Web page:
We asked members of our panel to give us feedback on a set of diagrams for Lateral Flow Tests for COVID-19. We showed them diagrams differing in the type of arrows used, drawing style and number of hands used.
We are exploring graphic approaches in diagrams for key action steps in COVID-19 tests using lateral flow tests (LFTs). In order to improve instructional diagrams for test’s instructions, we asked members of our panel to explain the meaning of a set of diagrams, and to tell us their preference between alternative approaches. 14 people participated (7 women and 7 men), who were between 27 and 81 years old.
In a survey, we showed them different versions of diagrams, in which we explored:
- Arrow style: the same action represented with arrows with different stems and tails
- Drawing styles: the same action represented in shaded, sketchy and iconic drawing styles
- Hands in diagrams: diagrams with no hands, one hand or two hands performing the action
We wanted to find out about the accuracy of different arrow styles to convey two different actions (rotation and squeeze), the appropriateness of different drawing styles for COVID-19 test instructions, and about the usefulness of hand depictions in instructional diagrams.
What we learnt about arrow style
- The arrow style can lead to interpretations about the type of motion (‘twist’, ‘stir’, ‘whisk’, ‘spin’), force applied, etc, but there is no conventional way to encode or interpret this.
- Stylistic choices for arrows affect how people think they should perform the action.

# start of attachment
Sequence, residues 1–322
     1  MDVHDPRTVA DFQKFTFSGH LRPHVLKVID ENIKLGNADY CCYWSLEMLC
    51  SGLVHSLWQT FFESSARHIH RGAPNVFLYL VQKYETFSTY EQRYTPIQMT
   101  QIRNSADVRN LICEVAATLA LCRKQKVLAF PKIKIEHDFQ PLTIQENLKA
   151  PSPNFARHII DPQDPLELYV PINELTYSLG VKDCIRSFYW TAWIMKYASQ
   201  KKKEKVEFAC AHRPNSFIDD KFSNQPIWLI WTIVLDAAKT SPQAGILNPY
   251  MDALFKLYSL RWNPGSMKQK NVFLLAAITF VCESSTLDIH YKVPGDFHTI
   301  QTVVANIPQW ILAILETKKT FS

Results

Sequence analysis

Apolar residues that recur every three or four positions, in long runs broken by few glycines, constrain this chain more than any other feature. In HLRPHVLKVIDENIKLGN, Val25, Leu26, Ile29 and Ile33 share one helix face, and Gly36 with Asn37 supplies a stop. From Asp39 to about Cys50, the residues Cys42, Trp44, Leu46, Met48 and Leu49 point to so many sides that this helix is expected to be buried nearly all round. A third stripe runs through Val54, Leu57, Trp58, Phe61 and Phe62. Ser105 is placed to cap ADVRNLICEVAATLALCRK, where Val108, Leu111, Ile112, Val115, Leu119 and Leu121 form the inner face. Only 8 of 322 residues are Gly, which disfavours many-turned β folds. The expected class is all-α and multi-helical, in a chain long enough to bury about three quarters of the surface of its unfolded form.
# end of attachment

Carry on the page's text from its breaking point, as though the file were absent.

- The arrows drawn in perspective or in 3D were better to represent an action in a three-dimensional space.
- There was clear preference for alternatives with ghosted shapes. This suggested that this may be more a more effective way to communicate the action in the diagram.
Arrows for ‘Rotate the swab’. C and D were preferred over A and B. All the options conveyed a ‘rotation’ action overall, but while A and B could be interpreted as ‘up and down’ or ‘back and forth’, D had an added focus on multiple rotations.
Arrows for ‘Squeeze the tube’. There was a clear preference for B, which seemed to be the best for indicating movement. The arrow styles in B, C and D could be interpreted as saying something about the amount of force applied (more force than the others, or increasing force as you squeeze).
Ghosted shapes. 13/14 people preferred a diagram showing the swab in ghosted form.
What we learnt about drawing styles
- A linear style supports enough detail, while also being simple enough.
- The shading doesn’t seem to add valuable information for readers. Instead, it may clutter the illustration and give objects and unwanted appearance to readers.
- Although they may be visually striking, oversimplified illustrations fail to provide information about ‘how’ to perform the action. They may be useful to signal generic tasks that viewers are familiar with. However, users doing more specific actions, for example handling of kit parts, may require more detail.
Drawing styles. 12/14 people preferred a linear style.
What we learnt about hands in diagrams
- Including both hands in diagrams is an effective way to embody the action, and provide useful information for viewers.
- However, designers should consider that including 1 or 2 hands changes the scale at which the tube can be shown, and may worsen the legibility of the diagram.
Hands in diagrams. There was clear preference for diagrams with 2 hands (12/14).
Thank you to our panel members for your feedback!